UKZN Academics Speak at SA Higher Education Colloquium on Food Insecurity at Universities
Several UKZN academics and students attended and spoke at a South African Higher Education Colloquium on the topic of: “Food Insecurity on University Campuses”, which was held at the University of the Free State (UFS) in Bloemfontein.
The gathering attracted a variety of experts from around the country who presented on the threat food insecurity poses to the tertiary studies of many students.
The event formed part of UFS’s No Student Hungry bursary programme, with presentations during the event suggesting that more than 70% of students who drop out of university early in South Africa do so because of food insecurity and financial problems.
With university becoming increasingly accessible, thanks to bursaries, many students from low income households enter tertiary institutions but often do not have funds other than their bursary tuition available for food, and are often required to support their families as well.
UFS Vice-Chancellor, Professor Jonathan Jansen, said in his opening address that providing food for food-insecure students, would confer dignity to them as well as cover their basic needs.
Dr Nick Munro of the Discipline of Psychology at UKZN’s School of Applied Human Sciences gave a presentation titled: “Hunger for Knowledge: Food Insecurity among Students at the University of KwaZulu-Natal”. Munro, who was assisted in research for the presentation by colleagues Mr Michael Quayle, Ms Heather Simpson and Ms Shelley Barnsley, said among the findings there was a positive association between diet quality and variety, and academic performance.
Munro’s presentation also recommended that research on food insecurity in students was replicated at other institutions with the aim of yielding a national indicator of food insecurity in higher education students, and with the eventual aim of informing a national response in Higher Education nationwide.
Dr Suna Kassier of the Discipline of Dietetics and Human Nutrition at UKZN spoke on: “The Plight of Food Insecurity among University Students on Financial Aid”, saying UKZN helped students with planning their often limited budgets so that they made good food choices, while also providing those in need with food vouchers.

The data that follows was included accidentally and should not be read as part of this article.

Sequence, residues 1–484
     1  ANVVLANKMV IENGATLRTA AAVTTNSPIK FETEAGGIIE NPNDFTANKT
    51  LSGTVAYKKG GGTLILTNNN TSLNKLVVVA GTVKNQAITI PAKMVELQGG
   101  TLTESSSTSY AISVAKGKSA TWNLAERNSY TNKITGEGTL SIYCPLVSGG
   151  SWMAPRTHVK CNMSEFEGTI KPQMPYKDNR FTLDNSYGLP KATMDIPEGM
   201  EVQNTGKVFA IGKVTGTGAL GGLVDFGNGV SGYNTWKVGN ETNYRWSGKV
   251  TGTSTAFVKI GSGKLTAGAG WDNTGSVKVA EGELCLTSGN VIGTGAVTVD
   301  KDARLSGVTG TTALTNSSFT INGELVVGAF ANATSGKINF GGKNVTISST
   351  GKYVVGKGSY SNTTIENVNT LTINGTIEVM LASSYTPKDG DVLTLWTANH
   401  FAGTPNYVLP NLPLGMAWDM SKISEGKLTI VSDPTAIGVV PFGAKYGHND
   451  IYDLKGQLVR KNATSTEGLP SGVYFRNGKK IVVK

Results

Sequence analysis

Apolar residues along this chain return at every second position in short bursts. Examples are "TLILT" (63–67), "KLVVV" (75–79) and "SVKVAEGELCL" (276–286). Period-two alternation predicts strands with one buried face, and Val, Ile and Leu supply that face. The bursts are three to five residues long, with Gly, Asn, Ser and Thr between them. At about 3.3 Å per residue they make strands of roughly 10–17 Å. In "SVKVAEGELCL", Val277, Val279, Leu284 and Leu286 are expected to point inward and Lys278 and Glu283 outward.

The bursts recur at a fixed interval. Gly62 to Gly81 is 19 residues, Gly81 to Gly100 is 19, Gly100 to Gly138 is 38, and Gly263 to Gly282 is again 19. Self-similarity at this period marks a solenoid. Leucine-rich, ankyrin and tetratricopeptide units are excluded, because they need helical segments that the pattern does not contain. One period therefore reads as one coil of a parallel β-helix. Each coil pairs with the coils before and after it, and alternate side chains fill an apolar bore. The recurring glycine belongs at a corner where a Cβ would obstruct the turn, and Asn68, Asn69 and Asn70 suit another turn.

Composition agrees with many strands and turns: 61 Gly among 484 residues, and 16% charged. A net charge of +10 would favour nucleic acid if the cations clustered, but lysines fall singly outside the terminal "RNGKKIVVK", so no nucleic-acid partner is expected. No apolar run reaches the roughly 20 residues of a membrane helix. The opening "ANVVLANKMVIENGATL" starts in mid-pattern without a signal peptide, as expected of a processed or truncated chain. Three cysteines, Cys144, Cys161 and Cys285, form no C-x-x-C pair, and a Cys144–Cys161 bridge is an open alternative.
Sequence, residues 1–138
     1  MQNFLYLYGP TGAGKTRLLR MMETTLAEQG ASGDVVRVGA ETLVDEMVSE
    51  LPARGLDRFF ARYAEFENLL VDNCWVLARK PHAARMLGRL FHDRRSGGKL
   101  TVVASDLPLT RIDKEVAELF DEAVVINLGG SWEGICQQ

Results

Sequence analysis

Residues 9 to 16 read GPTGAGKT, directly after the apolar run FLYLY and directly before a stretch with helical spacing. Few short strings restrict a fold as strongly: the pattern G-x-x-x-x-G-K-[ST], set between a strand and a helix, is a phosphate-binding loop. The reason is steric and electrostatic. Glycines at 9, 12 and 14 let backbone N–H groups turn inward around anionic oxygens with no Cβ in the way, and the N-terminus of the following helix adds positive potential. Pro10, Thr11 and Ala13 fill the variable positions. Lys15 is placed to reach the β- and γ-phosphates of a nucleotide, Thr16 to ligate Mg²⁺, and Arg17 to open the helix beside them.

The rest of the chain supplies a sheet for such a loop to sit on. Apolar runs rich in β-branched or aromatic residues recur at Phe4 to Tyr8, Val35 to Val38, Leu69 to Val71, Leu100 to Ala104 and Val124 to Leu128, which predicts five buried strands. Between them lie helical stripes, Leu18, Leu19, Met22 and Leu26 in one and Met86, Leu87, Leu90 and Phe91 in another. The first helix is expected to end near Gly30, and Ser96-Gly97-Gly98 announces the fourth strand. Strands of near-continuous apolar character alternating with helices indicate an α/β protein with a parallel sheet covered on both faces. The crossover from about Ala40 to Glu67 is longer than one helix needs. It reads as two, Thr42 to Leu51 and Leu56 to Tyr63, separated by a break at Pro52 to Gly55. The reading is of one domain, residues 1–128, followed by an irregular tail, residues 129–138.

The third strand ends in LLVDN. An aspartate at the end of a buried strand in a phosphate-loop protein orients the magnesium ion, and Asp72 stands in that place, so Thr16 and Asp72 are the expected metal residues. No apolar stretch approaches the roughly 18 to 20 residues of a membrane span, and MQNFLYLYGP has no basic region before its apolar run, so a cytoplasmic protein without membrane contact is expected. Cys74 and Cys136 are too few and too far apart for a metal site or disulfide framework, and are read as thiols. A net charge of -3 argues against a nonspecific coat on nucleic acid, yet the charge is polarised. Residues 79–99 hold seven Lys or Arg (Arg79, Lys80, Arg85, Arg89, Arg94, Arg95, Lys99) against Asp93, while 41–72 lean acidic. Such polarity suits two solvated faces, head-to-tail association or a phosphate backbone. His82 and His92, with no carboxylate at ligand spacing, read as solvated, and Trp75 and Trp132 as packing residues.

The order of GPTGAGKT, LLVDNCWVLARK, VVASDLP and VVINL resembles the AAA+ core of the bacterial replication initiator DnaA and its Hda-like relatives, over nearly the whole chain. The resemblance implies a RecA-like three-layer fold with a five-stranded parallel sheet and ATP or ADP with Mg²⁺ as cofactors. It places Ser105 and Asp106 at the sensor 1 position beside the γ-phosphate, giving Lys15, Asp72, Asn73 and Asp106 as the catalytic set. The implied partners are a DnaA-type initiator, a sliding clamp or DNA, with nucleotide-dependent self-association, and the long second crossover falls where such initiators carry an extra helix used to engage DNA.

Ms Stella Sabi of the African Centre for Food Security (ACFS) at UKZN gave a presentation titled: “Investigating Perceptions of Food Insecurity Complexities in South African Higher Learning Institutions”. Sabi presented an overview of possible solutions to the food security crisis faced by some students, saying that university interventions should be institutionalised to ensure their success.
‘Food insecurity threatens South Africa’s economic advancement and transformation as students’ academic performance and degree completion are compromised, thus reducing their ability to enter the labour market.’
Ms Mbalenhle Gwacela, also of the ACFS, who spoke on: “Achieving Food Security for University Students through Stakeholder Joint Participation: A Food Bank Model”, said universities did not exist in isolation, but were part of larger society and so should encourage stakeholder joint participation in the development of a Food Bank model.
The general feeling of the Colloquium was that, ensuring food security for students to enable them to adequately cope with the demands of tertiary education would take a collective effort from many quarters. However, with the research coming out of UKZN and other South African universities committed to this cause, indications were that with proactive actions from university leadership, solutions to food insecurity were available on campuses to help students achieve their potential.